Newsflash: your wine racks can do more than just store your bottles! They can actually be amazing aesthetic additions to your home. That’s right – not your wine cellars, but your homes. So we’re talking about wine racks that can double up as home decor as well. And as far as this purpose is concerned, we highly recommend wall-mount wine racks. Here are some eye-catching options you can play around with:
Wall-Mount Metal Wine Racks
Wall-Mount Metal Wine Racks may be common as far as wine racking units are concerned, but you can do so much with them, especially when you mix and match them with different materials. For example, you can hang them together with wine country inspired paintings or murals. You can purchase those that come with glassware storage as well to showcase your stemware. You can also put them alongside decorative mirrors. Another brilliant move would be to enhance them with custom lighting accessories, just like what one of our clients did on their DIY wine racking assembly:
Wall-Mount Wine “Cubes”
These days, we’re seeing more and more wine cellar enthusiasts going for these wine “cubes” rather than just the standard wine racks. They’re very refreshing, design-wise, because they lend a really unique silhouette to any wine racking assembly. WCI in particular carries what we call our “Curvy” Wine Cubes. But these wine racks have fast become more than just bottle storage units. Owing to their very attractive profile and flexible configurations that allow you to mount them anywhere in your home, these cubes have become artistic additions to the home as well. Check out some of our favorite creations and get inspired!
Wine Rack Pegs and Rails
While they can be technically classified as “metal wine racks,” we feel like these wine rack pegs and rails are a class all on their own. They are probably one of the easiest to play around with and create some really fun and funky wall art with your wine bottles. Try devoting a section of the wall on your living area or hallway with a “wine bottle mural” using these pegs and rails. Note that you can also play around with the supporting panels to create a variety of visually appealing designs. And of course, you can always substitute them for one of those huge paintings and have a really distinct piece of “wine cellar art” which would be a fantastic conversation starter.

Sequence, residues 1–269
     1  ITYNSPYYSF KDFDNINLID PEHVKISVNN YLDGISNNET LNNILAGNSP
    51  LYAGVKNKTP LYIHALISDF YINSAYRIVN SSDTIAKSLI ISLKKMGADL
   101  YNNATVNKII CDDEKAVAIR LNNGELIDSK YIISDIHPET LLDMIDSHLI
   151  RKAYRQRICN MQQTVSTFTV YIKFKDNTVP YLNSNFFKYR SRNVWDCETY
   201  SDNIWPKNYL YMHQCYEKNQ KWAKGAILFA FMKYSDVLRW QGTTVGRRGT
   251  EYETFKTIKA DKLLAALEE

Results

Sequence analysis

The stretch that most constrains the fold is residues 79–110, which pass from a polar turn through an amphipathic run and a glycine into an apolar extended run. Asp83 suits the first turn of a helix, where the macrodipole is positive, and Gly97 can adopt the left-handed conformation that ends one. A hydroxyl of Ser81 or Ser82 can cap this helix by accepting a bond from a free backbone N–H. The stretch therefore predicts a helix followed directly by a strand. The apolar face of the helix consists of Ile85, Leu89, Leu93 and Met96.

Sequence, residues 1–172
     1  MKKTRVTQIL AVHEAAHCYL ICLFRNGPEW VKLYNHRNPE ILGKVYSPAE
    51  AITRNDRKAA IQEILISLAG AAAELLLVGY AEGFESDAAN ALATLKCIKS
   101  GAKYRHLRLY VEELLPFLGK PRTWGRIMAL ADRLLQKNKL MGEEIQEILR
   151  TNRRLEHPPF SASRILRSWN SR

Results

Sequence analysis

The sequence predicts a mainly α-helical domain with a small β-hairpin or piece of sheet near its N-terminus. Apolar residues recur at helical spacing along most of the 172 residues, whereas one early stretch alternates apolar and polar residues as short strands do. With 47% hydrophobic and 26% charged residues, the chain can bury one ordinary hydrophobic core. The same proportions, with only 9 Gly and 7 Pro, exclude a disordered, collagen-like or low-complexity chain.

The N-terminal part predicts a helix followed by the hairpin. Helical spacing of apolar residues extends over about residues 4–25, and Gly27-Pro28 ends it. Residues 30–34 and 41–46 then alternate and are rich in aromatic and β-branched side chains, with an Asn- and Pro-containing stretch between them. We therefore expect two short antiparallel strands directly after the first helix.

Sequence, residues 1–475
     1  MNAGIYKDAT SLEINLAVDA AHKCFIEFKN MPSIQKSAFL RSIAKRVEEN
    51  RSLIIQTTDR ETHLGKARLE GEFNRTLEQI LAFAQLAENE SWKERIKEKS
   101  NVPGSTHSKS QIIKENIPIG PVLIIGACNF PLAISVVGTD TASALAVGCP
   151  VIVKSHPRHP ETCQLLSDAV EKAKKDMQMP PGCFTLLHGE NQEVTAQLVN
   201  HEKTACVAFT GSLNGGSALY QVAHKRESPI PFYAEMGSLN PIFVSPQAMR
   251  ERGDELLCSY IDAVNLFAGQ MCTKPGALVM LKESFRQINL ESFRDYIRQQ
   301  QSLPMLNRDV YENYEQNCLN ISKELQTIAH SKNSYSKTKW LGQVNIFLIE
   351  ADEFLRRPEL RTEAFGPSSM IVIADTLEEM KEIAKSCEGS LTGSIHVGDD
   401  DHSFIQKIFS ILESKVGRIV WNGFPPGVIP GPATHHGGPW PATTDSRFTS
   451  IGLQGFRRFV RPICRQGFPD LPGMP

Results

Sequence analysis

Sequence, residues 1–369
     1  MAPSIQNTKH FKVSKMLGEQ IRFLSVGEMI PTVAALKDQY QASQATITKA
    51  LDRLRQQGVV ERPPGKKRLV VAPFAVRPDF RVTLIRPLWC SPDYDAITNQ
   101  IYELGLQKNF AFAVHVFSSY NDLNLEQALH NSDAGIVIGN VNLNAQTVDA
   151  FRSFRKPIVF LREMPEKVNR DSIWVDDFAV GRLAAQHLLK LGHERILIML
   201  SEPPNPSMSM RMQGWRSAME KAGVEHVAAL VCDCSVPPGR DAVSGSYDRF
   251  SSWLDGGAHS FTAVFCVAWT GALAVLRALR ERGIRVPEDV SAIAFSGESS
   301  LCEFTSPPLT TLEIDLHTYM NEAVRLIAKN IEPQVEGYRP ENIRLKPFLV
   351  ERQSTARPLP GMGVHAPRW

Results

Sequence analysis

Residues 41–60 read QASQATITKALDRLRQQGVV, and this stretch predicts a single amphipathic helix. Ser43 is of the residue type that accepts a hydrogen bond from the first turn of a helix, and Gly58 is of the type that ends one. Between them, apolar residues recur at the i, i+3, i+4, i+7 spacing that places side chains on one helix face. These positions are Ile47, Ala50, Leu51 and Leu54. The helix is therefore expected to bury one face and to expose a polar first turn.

A compact but complete wine cellar – who would say no to that? These days when living spaces are getting more and more restricted, it’s really a blessing to have a proper, custom wine cellar in one’s home. Luckily, WCI has all the right stuff needed to achieve this goal, just like what our awesome design team did for our latest Tech Tuesday showcase:
Project #: 282124
Wood: Premium Redwood
Bottle Capacity:430 bottles
Let’s check out this Gold x Designer Series combo, all done in Premium Redwood. For a relatively tight space, you can see that this wine cellar has managed to squeeze in individual and bulk bottle storage racks, along with a tabletop, stemware storage, and even a Humidrawer (see last picture). Curved Corner Racks were also utilized to smoothen out the room’s sharp corners and make this racking arrangement appear really seamless and tidy. Notice, too, that there’s still enough wiggle room at the top of the wine racks for boxes and crates. This compact project has certainly aced it in terms of functionality, don’t you agree?
But this wine cellar won’t be considered “complete” if it only rakes in points for functionality. That’s why we’re going to highlight the style factor as well. We’re happy that it’s actually visibly obvious: check out the luxurious sheen of those racks, as well as the tabletop. They were all done in rich Dark Walnut Stain with Lacquer Finish. Note that we’ve recently added the Lacquer option to our Designer Series wine rack kits as well, raising the series’ style level a notch (or several notches!) higher. With Lacquer, you get multiple applications of a clear coat sealant with intricate hand-sanding treatments between finishes. This gives the racks a smooth, gleaming finish and an elegant overall ambience. That makes it perfect for smaller wine cellar projects because you won’t be ruining your budget for that add-on to make your cellar look really luxurious.Note that the lacquer otpion was also extended to the wine cellar door. In this case, the client went for our standard door with no etching – with trim and/or sidelight.
Last but definitely not the least, this wine cellar also sports a very reliable wine cooling system. It should be elementary in any wine cellar project that the cooling system you choose should be able to properly maintain ideal bottle storage conditions 24/7. As this is an entry-level wine cellar, our team installed the CellarPro Mini Split 3000SH with Outdoor Hood and Remote Panel. Go compact but complete with your wine cellar project and chat with the WCI team today! *Cheers*